Thursday’s review

Is this some kind of diabolically clever satire? Or is it a bundle of repetitive and clichéd questions lacking any original insight or perspective? wild desires? ripping off of clothes? the fire that used to rage? the runaway locomotives of our lust? derailed and frozen in our Arctic hearts? Yeek.

Zimbabwe on Wednesday

Looking at Poetry International Web today, at this out of Africa, by Zimbabwean poet Ignatius T. Mabasa. His poems are originally written in Shona and what you have on the site are translations into English by the author himself. The translations are not word for word, nor are they meant to be direct reproductions of the originals, but are intended to function as original poems in their own right, says the site. Okay.

A lot of work still needed on all of these, in my view. I was struck by Poetry, though - mostly because every poet and ersatz-poet you have ever known in whatever country has a poetic opinion about what poetry is, which makes it an excellent transnational topic of poetic conversation.  And one which always starts: “Poetry is..”

Mabasa seems here to be defining poetry as the legitimate domain of the politically and economically downtrodden. Well, why not. Committed poetry. Collectively, we probably need it more than we acknowledge and surely someone has to keep feeding the committed base fires, somewhere, while the rest of us are not. 

That said, if I had the editing of this one, I would be pretty savage – I'd cut S1-3, 6 & 8 completely and draconianly tighten up the rest. That said, I find this scenario particularly appealing:

Poetry is an old man in dusty fields
A scarecrow, talking to himself
Poking the stunted
rapoko crop
And asking himself
‘What happened to the land
That the government redistributed?
Was it all taken by the news-reader
Because he got the news first?’

Miniporc on Tuesday

This, the next thing down the Bloglines feeder this morning, is charming, lots to like. I’ve been over it several times today and keep finding good new stuff. I like the short lines and clipping pace and the slant rhymes you keep going back to savor. I’m a sucker for religious references, and love the way the piece is pinned down by Judas-Lot's wife-Jezebel-Satan. Some super cool line- and strophe- breaks (favorite: I am tall//in my sins). A bewildering-in-a-nice-way array of really strong images that hint at theme-upon-theme and keep you going back to work them out. On the down side, some of the odder line/strophe breaks don’t work for me (you already know//this and the exact edge I’m//on (can see the thinking behind this last one, but it ends up too gimmicky for my taste)); and some obscurities that trip me up semantically and sonically (I am chrism/in the mouth.//Schlaf, Traum) and just seem to  get in the way. The last line is totally to die for. All in all: More, more!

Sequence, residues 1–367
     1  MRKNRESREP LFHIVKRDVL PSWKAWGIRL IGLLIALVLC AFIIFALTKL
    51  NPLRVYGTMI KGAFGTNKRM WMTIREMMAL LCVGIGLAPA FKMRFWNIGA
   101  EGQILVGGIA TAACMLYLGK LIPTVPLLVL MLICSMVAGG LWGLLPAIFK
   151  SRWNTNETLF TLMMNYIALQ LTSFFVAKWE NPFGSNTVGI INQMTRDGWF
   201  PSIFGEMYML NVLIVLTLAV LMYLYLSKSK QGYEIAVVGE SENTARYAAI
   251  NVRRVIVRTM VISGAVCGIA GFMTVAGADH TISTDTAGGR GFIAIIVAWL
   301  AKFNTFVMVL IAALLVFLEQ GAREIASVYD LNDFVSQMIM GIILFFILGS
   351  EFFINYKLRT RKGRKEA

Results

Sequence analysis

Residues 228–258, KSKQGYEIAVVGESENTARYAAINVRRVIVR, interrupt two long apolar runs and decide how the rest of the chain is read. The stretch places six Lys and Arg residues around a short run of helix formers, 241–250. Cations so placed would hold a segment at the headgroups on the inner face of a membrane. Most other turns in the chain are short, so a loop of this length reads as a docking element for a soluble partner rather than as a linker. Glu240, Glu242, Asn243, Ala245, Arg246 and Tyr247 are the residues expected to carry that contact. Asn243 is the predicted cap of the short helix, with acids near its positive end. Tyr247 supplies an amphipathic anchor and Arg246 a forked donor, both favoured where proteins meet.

Miniporc (cont’d)

Hm. Yesterday’s act of reckless self-endangerment  yielded some interesting fruit (in addition to a wildly crazy spike in the traffic of this humble blog, I might add). One thing I did this time was to focus exclusively on the piece I was looking at, without due regard for the person behind the piece — that certainly was ill-mannered and I do apologize for it.

I very much liked this thoughtful comment at the second link above, directed at the subject of criticism at large:

This is interesting. Situations like these always raise the question, “What should people be asked to expect when they publish or post their poetry?” Many people hold the firm belief that published poets should be prepared to see their poems subjected to harsh critique, because artistic endeavors that have been released into the public arena are fair game for both criticism and praise. I have a certain amount of sympathy for this position. I do wonder, however, why poets should really be asked to expect the sort of end-stopped evisceration of their work that occasionally occurs and, moreover, to greet it graciously when it comes. I think poets can well be asked to expect discourse, but a critique that answers its own questions does not really invite discourse. These days I tend to judge critiques, online and otherwise, by whether they sound like the beginning or end of a conversation. Otherwise, what use are they?

I liked this, too, from Julie: Each day when I write a review on WEE, I expose myself to potential ridicule. The act of criticism is a vulnerable one, a revelatory one.

Thanks to all who participated in creating this experience and in laying down food for continuing thought.